However, although both the speakers in Kaur’s works and Aminata appear to successfully reject male-dominated narratives in favour of crafting their own, their resistance against female oppression in the patriarchal ideology is still a problematic one. According to Louis Althusser, ideology is “a dynamic process constantly reproduced and reconstituted in practice” (Fiske 1269). He suggests that ideology is not simply imposed onto an individual, but perpetuated by institutions “such as the family, the educational system, language, the media, the political system” and others (1269). Through these institutions, people are taught to “behave and think in socially acceptable ways” (1269). This means that no one person can truly escape from ideology, as they are born into a system that constantly instils in them what a particular ideology’s views as the correct values and traits, whether they are aware of it or not.
This theory poses a particular problem for women when resisting patriarchal ideology, as they also have to overcome the definitions of women that are engrained in them since birth. Kaur acknowledges this issue in the poem, “the idea of shrinking is hereditary”:
trying to convince myselfi am allowed to take up spaceis like writing withmy left handwhen i was bornto use my right (Kaur 29)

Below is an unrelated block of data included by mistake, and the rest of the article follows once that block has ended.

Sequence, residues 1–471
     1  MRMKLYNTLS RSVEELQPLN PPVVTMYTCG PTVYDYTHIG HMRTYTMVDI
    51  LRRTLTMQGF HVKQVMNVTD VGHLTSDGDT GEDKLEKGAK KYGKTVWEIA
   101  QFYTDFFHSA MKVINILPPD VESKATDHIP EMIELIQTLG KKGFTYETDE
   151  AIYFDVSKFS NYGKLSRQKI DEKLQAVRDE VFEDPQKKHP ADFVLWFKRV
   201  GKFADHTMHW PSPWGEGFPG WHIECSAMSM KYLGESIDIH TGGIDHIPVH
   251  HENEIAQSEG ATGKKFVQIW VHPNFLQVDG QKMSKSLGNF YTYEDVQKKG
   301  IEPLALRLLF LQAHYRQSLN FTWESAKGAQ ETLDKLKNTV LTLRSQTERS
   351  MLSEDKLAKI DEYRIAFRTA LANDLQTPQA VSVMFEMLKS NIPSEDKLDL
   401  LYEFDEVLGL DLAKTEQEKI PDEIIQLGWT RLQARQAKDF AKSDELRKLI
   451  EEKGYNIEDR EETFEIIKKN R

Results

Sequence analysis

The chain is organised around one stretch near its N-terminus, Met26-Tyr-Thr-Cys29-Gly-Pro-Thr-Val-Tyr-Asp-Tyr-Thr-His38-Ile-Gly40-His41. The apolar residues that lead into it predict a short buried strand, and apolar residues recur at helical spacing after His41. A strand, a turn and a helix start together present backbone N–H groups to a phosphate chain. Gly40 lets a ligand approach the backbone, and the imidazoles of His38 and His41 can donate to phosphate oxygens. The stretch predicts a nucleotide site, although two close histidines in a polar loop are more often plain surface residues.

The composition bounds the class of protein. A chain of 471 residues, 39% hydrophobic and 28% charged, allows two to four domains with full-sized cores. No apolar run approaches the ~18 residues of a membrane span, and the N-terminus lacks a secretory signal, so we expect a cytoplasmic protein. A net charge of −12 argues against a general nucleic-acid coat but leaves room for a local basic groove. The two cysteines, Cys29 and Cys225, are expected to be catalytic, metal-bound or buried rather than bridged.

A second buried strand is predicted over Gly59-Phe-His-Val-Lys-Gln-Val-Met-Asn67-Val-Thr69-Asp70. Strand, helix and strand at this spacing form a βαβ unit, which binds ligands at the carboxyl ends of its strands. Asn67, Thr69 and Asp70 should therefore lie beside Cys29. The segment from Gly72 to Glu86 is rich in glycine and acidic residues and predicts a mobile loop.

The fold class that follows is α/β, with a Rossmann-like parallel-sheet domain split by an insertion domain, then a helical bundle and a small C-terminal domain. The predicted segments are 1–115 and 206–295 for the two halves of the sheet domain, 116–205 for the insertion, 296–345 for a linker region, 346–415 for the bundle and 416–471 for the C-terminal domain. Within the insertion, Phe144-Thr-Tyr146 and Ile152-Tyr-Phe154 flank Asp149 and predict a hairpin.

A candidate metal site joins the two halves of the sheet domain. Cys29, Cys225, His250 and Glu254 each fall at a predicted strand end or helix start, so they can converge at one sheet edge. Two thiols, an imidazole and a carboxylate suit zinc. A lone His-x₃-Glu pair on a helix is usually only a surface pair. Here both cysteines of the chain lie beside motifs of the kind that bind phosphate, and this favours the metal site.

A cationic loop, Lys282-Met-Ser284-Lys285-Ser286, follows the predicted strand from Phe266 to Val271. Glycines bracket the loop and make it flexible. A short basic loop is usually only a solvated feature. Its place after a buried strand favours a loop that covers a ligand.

The word “hereditary” in the title of the poem itself suggests that women are born into the thought that they should not be seen. The speaker emphasises the struggle for women to overcome the patriarchal values that they are born into by comparing it to writing with the hand that she was not born to write with – to the speaker, it is an act that defies nature. It may not be impossible to train oneself to write with the hand that they were not born to write with, but it will definitely not be an easy process, and the speaker suggests that it is the same when trying to overcome patriarchal values that permeate the society that one is born into.
Indeed, Kaur herself appears to struggle with writing within a literary tradition that is so dominated by male voices, so much so that she occasionally slips back into a subordinate role. In one of her poems, the speaker says that “every revolution / starts and ends / with his lips” (Kaur 48). This is a problematic depiction as it negates the message in Kaur’s other poems where the speaker “want[s] to be full on [her] own” instead of having her lover “fill the empty parts of [her]” (59). While the second poem advocates the speaker as a separate and whole entity on her own, the first poem suggests that the speaker literally revolves around the man’s lips; the man is the centre, and the speaker can only really exist in relation to him. In the first poem, Kaur appears to regress back into ideas that stem from traditional patriarchal thoughts about love.